• I saw several dogs running alongside their owners too.

Forever Young

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Overall it is a really inclusive event. The Parkrun is supervised by voluntary marshals, who point you in the right direction and provide friendly support as you run.

Results

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Later on the day of the Parkrun you receive your results via email. This gives you your time, gender position, overall position and also age grading. You can also look them up online and will see a list of all of the participants and their times.

The age grading is a cleaver score that allows you to compare yourself against someone of a different gender or different age. The higher the score the better the performance. These scores are calculated as a percentage against the world record for your gender and age group.

My experience

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On saturday, I completed the 5k distance feeling tired but not exhausted. I was a whole 4 minutes slower than my personal best so plenty of room for improvement. This still represents a huge achievement for me.

**NOTE: For those of you who feel uncomfortable, or uncomprehending at the term ‘pelvic floor’ I suggest you skip these last two paragraphs***

After having Pumpkin the weakness of my abdomen (diastasis recti) also caused weakness of my pelvic floor and a uterine prolapse. Running is one of the activities that may exacerbate a prolapse. Fortunately for me this has now resolved. I’m not going to go into any more details now, but suffice to say I am delighted to be able to run with all my organs in their correct anatomical position.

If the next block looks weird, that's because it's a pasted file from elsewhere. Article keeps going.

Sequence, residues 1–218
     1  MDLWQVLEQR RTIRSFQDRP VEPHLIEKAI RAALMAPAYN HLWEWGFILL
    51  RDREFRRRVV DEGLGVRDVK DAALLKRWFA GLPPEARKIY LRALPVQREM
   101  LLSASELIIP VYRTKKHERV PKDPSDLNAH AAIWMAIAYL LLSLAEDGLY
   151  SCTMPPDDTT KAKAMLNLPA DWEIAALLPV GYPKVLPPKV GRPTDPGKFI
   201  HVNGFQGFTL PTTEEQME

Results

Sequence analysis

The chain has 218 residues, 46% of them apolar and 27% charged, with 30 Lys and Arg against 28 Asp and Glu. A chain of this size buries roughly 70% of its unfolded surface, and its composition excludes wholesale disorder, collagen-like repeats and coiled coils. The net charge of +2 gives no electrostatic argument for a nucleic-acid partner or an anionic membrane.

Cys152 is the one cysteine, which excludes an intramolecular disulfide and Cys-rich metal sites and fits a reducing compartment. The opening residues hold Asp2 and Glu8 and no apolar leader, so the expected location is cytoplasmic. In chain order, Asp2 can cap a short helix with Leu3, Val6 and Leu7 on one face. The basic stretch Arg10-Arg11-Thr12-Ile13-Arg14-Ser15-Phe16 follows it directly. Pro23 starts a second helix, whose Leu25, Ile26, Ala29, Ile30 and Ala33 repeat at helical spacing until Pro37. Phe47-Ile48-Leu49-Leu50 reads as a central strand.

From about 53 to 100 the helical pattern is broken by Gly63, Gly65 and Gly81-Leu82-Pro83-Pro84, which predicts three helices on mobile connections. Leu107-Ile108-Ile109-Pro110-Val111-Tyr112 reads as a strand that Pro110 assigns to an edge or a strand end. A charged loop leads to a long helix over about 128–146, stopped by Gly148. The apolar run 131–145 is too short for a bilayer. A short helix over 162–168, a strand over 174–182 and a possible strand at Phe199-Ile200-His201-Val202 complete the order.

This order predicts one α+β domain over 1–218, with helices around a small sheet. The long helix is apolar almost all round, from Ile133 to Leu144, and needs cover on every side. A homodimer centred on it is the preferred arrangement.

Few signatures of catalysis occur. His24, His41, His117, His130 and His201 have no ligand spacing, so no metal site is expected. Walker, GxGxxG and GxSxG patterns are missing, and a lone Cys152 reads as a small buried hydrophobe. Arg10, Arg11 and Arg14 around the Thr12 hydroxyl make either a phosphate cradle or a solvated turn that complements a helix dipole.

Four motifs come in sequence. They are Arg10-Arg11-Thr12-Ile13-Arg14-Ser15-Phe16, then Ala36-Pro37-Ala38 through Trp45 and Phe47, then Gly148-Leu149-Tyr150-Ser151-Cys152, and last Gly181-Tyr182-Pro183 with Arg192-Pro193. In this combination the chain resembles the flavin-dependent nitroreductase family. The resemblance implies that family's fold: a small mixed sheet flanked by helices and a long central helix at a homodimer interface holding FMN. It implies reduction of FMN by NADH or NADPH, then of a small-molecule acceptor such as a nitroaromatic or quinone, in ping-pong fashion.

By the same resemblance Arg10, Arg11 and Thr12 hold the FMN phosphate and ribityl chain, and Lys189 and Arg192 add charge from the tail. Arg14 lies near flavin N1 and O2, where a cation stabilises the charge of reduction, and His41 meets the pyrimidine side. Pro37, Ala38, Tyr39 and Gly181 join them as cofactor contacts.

So on Saturday morning I could have stayed at home, having a calm family morning with my two angelic children. Or more realistically a chaotic, noisy morning full of laughter and the occasional tantrum. Instead I thoroughly enjoyed my 5k run, despite the wind and the cold, and am immensely grateful to have been physically able to participate.

30 Second Summary: Parkruns are free 5k running events that take place on weekend mornings in various locations throughout the country. The runs are friendly and inclusive of all ages and abilities. The results system is thorough and allows a participant to easily track their progress against themselves and other competitors.

Do you have any experience of parkruns or other 5k runs? Or like me have you had any injuries or complications that have made running more challenging? Do leave any thought in the comments section.
Further information

Brilliant blog posts on HonestMum.com

Pilates for Diastasis Recti

Anyone else not know their ‘Downward Dog’ from their ‘Hundred’? Confused about the difference between Pilates and yoga? Or perhaps like me struggling with a mummy tummy or diastais recti after pregnancy and wondering what might help? 

Why I started Pilates

I have written a little already about my experience of diastais recti. 

After the birth of Pumpkin I experienced: